This section lists faculty, postdoctoral, research, and administrative positions available in the Vollum Institute at OHSU.
Employment at the Vollum often allows sufficient time for career-enhancing activities, such as attendance at seminars and participation in lab meetings. Many technicians go on to graduate training at OHSU and other top programs. Long term employment opportunities including some with supervisory responsibilities are also available in some laboratories.
OHSU is an equal opportunity affirmative action institution.
The Vollum Institute (www.ohsu.edu/vollum) junior faculty search for 2013–14 has closed. For more information, contact:
Larry Trussell, Ph.D.
Vollum Institute, L-335A
Oregon Health & Science University
3181 SW Sam Jackson Park Road
Portland, OR 97239-3098
For information about postdoctoral positions not listed here, please contact individual faculty members for the particular lab(s) in which you are interested.
Kevin Wright Lab – Postdoctoral Fellow Position:
A Postdoctoral Fellow position for highly motivated individuals is available immediately in the laboratory of Dr. Kevin Wright, located in the Vollum Institute at Oregon Health & Science University (OHSU). OHSU is a highly collaborative environment and fellows will have the opportunity to interact with a large and vibrant neuroscience community.
Our lab takes a multidisciplinary approach to identify the molecular networks that govern the development of functional neural circuits. Specifically, we are utilizing cutting edge forward and reverse genetic approaches in mice in conjunction with molecular, cell biological and biochemical techniques to identify the specific molecules that govern neuronal migration, neurite outgrowth and synaptogenesis during neurodevelopment.
Ongoing projects in the lab include:
- Defining the role of the transmembrane protein dystroglycan in axon guidance, dendritic arborization and synaptogenesis
- Identification of the molecular mechanisms underlying subtype-specific axonal branching patterns in developing dorsal root ganglia sensory neurons
- Mapping and characterizing the neurodevelopmental phenotypes of several novel mouse mutants isolated from a forward genetic mutagenesis screen
Position requirements include:
- A PhD degree in neuroscience, cell/molecular biology, genetics or related field
- A strong interest in developmental neuroscience
- Expertise in generating mouse knockouts, microscopy or primary neuronal culture is desirable
- A demonstrated ability to work independently and learn new techniques quickly
- Candidates must be well organized, self-motivated and dependable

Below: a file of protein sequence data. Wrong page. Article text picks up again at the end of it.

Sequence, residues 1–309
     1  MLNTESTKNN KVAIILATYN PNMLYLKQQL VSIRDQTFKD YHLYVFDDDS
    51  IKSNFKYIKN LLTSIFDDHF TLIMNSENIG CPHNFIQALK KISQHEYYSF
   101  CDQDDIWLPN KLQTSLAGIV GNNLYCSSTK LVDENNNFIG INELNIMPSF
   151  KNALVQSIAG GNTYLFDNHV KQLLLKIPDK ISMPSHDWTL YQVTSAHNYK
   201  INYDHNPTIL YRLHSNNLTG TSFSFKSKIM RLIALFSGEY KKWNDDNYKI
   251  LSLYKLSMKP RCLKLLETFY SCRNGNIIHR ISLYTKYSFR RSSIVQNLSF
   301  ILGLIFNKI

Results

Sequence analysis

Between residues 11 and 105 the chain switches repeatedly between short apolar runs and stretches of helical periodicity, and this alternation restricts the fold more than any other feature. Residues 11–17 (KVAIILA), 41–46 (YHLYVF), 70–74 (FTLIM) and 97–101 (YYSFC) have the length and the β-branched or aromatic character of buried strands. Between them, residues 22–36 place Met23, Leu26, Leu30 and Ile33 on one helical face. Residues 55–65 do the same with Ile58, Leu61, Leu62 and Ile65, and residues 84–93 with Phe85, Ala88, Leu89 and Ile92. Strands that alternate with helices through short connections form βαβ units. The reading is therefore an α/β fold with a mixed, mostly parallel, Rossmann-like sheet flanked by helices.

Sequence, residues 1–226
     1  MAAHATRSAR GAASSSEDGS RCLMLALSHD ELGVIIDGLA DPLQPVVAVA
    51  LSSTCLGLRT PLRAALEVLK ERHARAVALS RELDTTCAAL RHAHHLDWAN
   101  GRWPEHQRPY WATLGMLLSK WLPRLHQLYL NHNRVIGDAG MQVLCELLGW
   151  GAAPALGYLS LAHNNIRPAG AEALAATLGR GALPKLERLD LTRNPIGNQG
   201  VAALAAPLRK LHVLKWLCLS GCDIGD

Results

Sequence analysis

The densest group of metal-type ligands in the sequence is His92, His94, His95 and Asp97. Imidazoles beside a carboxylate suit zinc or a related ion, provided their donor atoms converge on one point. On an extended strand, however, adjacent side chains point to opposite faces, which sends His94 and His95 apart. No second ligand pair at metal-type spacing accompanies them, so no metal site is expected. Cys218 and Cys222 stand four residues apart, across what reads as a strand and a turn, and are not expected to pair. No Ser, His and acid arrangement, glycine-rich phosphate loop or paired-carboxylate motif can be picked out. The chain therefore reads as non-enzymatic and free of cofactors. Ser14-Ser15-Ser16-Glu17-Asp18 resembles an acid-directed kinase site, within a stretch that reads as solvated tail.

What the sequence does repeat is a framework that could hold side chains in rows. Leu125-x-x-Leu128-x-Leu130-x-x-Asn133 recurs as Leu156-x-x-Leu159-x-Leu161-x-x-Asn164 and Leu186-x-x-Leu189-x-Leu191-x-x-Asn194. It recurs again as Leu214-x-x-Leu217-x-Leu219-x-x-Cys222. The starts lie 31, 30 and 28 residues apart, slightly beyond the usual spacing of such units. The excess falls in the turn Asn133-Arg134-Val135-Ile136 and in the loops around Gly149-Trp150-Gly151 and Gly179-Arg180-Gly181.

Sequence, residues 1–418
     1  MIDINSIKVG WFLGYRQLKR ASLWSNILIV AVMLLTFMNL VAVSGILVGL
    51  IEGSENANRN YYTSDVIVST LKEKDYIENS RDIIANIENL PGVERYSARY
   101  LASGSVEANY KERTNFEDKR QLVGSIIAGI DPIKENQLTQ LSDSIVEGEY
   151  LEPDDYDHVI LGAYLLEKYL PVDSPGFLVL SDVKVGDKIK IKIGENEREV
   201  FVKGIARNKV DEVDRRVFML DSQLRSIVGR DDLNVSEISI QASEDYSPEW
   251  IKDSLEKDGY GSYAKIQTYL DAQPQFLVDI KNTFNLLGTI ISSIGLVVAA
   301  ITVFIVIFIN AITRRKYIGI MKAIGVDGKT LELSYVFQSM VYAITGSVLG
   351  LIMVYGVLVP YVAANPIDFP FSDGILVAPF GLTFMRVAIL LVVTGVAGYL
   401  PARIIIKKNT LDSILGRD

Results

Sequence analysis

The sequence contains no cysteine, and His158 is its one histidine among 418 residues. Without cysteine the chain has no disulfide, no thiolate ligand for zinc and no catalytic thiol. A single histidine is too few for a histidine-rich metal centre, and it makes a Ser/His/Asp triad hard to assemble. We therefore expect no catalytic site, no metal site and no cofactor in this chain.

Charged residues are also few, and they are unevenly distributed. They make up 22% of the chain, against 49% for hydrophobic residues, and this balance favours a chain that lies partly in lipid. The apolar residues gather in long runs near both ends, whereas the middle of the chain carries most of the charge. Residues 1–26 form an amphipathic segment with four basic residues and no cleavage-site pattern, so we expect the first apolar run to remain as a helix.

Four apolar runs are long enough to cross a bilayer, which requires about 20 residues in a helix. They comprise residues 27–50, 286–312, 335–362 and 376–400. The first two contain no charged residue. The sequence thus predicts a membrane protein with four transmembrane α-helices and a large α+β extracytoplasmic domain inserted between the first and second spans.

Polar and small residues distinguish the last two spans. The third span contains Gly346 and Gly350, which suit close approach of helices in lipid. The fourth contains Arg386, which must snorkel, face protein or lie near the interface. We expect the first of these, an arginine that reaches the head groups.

- Excellent communication skills with the ability to plan, document, analyze and report research data
Salary starting at $39,264.
For more information about our work, please visit our lab webpage.
Interested candidates should email their CV and contact information for three references to: email@example.com.
Soo Lee Lab – Postdoctoral Fellow Positions:
Gene Networks in CNS Development
Unraveling the processes that generate the numerous neuronal subtypes and establish their appropriate connections to form a functional CNS is one of the main challenges in neuroscience today. Particularly, decoding the gene regulatory network responsible for neuronal subtype specification is a fundamental step toward understanding the CNS development and advancing methods to generate specific neurons in regenerative medicine.
Our goal is to develop a comprehensive map of the complex gene regulatory networks that direct cell-fate specification and assembly of neuro-circuits. Our major model systems include the spinal cord, which consists of distinct classes of neurons to assemble motor and sensory circuits.
To achieve our goals, we dissect multiple layers of gene regulatory steps that render neuronal cell-fate specification, taking the following steps; to define transcription complexes specifying each neuronal population, to identify their downstream effector genes conferring unique cell-identity, to understand epigenetic strategy orchestrating timely changes on gene transcription, to uncover the molecular mechanism by which the extracellular cues modulate neuronal gene expression, and to generate specific neuronal subtypes from stem cells by applying the developmental gene regulatory strategy that we define. Our study will eventually contribute to the design of a rational strategy to repair damaged neurons and to treat metabolic disorders in the human.
Dev 138:2823-2832, 2011; Curr Opin Neurobiol 20:29-36; Neuron 61:839-851, 2009; Neuron 62:641-654, 2009; Dev Cell 14: 877-89, 2008; Genes Dev 21: 744-9, 2007; Science 307: 596-600, 2005; Neuron 38: 731-745, 2003; Cell 110: 237-249, 2002.
For further details, please visit Soo Lee's lab page.
If you are interested in a position in our lab, please contact Soo Lee directly at firstname.lastname@example.org.
For information about research staff positions not listed here, please contact individual faculty members for the particular lab(s) in which you are interested.
There are no openings at this time.
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